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‘Multiplatform’ marketing, digital rights and print on demand

26 June 2006

'Multiplatform' marketing possibilities and digitisation are changing the way books are sold and exploited. At the recent Licensing 2006 international show in New York the talk was all of the 'multiplatform' possibilities that a property might possess. In the film world the right property, particularly for the children's market, may have infinite possibilities. Retailers like to hedge their bets by going for products and merchandising material which already have a solid audience, which is why bestselling children's novels can be such a hot item.

But it is now also becoming increasingly important to licensors to know that they will be able to sell 'the product' across a range of media, to television, computer games, for wireless and for online sales. Malcolm Bird, Senior VP of AOL Kids and Teens said: 'The online platform is becoming as important as the TV platform in developing content and getting those shows out to an audience.'

The money involved can be enormous. Lucas Licensing's Star Wars consumer products produced worldwide revenues of $3 billion last year.

Meanwhile the growing possibilities of digital publishing are meaning that in the UK the Publishers' Association is negotiating with the Association of Authors' AgentsThe association of UK agents. Their website ( gives a Directory of Members and a code of practice, but no information about the agencies other than their names. The association refers visitors to the UK agent listings from The Writers' & Artists' Yearbook on the WritersServices site. about who owns the rights. The scope of traditional publishing is expanding and contracts need to be expanded too to cover the new possibilities. What do 'volume rights' mean when the item you are licensing may not be a book at all in the traditional sense, but a download?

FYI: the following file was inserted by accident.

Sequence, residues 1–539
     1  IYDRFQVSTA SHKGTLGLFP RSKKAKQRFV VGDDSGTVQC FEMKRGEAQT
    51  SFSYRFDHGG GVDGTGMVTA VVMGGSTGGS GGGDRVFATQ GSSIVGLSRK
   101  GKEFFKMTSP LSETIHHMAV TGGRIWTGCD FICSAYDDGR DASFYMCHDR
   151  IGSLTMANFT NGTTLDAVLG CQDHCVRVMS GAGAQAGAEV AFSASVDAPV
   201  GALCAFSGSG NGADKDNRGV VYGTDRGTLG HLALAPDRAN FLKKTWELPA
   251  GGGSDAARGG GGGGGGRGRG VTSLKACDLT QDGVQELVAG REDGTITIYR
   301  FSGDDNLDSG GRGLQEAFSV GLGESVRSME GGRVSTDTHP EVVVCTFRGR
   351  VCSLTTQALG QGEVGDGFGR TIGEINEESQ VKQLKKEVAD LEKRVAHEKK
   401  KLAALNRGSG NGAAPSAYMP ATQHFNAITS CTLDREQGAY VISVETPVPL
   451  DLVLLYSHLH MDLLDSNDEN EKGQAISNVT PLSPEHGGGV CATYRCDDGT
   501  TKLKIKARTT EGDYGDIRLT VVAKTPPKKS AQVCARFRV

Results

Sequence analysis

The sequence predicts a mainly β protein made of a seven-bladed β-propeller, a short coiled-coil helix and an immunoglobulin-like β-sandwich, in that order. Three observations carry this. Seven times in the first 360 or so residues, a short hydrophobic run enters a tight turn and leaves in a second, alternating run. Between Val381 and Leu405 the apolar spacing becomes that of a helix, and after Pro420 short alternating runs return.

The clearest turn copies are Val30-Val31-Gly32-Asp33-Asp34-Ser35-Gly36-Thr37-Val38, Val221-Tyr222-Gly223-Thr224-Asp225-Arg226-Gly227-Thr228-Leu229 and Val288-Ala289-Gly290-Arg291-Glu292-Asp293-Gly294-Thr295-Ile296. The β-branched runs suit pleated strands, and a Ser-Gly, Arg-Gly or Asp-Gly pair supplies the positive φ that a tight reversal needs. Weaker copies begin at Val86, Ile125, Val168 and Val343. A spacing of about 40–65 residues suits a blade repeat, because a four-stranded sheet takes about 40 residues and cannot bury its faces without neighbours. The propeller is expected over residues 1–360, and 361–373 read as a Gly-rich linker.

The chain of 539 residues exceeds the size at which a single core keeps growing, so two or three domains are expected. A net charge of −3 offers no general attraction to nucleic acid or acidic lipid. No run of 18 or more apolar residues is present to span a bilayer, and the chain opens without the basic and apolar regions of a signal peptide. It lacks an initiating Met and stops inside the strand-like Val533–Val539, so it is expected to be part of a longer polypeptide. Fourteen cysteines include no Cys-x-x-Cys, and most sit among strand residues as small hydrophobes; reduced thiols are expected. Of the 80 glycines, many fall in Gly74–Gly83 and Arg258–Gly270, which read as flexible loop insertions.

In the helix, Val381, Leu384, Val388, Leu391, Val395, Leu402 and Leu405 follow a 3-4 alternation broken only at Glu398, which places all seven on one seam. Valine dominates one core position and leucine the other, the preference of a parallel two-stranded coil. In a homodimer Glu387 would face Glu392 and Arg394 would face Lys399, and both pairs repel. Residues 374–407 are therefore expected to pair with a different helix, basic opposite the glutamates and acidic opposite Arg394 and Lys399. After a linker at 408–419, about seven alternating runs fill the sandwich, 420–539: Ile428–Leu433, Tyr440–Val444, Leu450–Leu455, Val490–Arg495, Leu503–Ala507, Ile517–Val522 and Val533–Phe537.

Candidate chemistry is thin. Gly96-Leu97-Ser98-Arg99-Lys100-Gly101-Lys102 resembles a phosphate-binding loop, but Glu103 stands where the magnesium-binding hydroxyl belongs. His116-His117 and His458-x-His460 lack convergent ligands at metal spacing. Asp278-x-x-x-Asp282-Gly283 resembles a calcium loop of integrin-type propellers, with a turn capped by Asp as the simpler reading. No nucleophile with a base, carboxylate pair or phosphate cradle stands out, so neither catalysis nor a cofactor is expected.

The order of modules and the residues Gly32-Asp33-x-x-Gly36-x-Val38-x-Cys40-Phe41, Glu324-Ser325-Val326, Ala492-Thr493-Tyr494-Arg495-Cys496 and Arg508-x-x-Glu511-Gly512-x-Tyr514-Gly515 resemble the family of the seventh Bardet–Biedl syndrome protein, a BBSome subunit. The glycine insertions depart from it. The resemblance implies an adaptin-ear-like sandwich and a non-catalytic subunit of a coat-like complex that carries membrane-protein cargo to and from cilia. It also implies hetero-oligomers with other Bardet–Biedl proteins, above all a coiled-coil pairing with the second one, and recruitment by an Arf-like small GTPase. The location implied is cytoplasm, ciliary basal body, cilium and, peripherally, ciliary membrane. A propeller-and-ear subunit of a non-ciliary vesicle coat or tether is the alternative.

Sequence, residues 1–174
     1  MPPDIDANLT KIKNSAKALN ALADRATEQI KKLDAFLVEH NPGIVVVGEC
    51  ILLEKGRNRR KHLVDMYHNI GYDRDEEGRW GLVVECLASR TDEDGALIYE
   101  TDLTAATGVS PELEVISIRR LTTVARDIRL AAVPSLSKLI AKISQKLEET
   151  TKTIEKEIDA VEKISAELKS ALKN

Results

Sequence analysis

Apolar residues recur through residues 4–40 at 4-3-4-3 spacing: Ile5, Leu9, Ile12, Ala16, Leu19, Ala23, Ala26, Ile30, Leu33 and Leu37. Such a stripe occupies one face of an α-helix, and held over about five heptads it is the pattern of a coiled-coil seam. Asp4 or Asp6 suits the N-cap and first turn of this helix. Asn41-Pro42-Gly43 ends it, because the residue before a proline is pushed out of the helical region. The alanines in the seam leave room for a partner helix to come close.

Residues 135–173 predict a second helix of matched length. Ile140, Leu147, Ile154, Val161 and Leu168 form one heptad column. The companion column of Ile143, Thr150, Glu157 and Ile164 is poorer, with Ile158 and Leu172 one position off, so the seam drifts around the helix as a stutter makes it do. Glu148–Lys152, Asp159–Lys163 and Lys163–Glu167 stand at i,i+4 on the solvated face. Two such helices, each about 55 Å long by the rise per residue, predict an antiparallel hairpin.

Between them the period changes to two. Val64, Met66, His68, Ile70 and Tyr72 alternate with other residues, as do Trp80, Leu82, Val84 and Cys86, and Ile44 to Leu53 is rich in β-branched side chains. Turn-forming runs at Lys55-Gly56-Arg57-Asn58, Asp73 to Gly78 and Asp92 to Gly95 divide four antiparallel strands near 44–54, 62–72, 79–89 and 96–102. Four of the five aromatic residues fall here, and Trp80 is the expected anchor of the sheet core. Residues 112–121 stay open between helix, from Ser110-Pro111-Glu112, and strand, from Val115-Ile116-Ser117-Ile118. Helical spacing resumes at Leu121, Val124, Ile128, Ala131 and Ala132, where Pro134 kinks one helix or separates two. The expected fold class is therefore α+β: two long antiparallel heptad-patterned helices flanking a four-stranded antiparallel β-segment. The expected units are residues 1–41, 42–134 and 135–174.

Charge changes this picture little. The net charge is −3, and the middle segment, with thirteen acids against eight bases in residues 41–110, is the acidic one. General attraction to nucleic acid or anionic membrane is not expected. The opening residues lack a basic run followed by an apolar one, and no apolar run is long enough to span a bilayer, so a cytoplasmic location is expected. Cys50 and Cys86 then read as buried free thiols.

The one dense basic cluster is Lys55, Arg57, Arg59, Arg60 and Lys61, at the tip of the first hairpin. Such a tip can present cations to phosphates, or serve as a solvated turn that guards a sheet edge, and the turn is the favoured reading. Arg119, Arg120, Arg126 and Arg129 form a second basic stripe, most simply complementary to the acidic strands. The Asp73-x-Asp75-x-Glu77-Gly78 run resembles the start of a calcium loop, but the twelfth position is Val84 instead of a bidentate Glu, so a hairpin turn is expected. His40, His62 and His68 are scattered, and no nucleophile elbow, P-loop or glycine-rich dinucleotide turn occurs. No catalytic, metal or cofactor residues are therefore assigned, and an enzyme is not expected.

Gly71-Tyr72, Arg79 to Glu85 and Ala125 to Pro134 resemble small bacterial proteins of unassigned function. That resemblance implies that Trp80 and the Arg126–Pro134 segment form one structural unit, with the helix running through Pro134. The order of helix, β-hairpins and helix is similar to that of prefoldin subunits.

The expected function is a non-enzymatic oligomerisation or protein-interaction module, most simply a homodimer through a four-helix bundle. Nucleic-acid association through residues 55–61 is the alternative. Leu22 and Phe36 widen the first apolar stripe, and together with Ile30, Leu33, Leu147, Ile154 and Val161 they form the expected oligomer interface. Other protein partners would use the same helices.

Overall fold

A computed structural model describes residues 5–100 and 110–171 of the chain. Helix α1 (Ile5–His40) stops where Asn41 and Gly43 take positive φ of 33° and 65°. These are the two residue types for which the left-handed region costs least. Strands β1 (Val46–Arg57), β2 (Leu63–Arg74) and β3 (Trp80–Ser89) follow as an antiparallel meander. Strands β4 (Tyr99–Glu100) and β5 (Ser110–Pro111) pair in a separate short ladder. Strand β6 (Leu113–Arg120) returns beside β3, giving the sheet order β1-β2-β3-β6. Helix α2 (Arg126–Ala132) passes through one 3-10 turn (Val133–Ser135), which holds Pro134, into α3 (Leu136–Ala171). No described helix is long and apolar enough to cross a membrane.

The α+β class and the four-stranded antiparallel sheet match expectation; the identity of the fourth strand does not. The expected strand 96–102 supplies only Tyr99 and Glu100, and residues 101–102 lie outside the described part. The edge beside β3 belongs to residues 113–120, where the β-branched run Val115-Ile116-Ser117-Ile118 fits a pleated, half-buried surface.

An important issue which has been thrown up by the growth of print on demand is the question of when the rights in a book should revert to the author. With the new printing technology a book need never go out of print and can be printed 'on demand' indefinitely. Authors may feel that it is unsatisfactory to have an occasional copy supplied 'on demand'. But although they might prefer their publisher to be actively selling their books, on the other hand it's better to have your book available, rather than out of print.

As technology develops it opens up new marketing possibilities - and sometimes threats - for the book, but everything depends on the original creative idea. Authors can take comfort from the fact that intellectual property is king - and it is writers who create the original stories on which the whole business is based.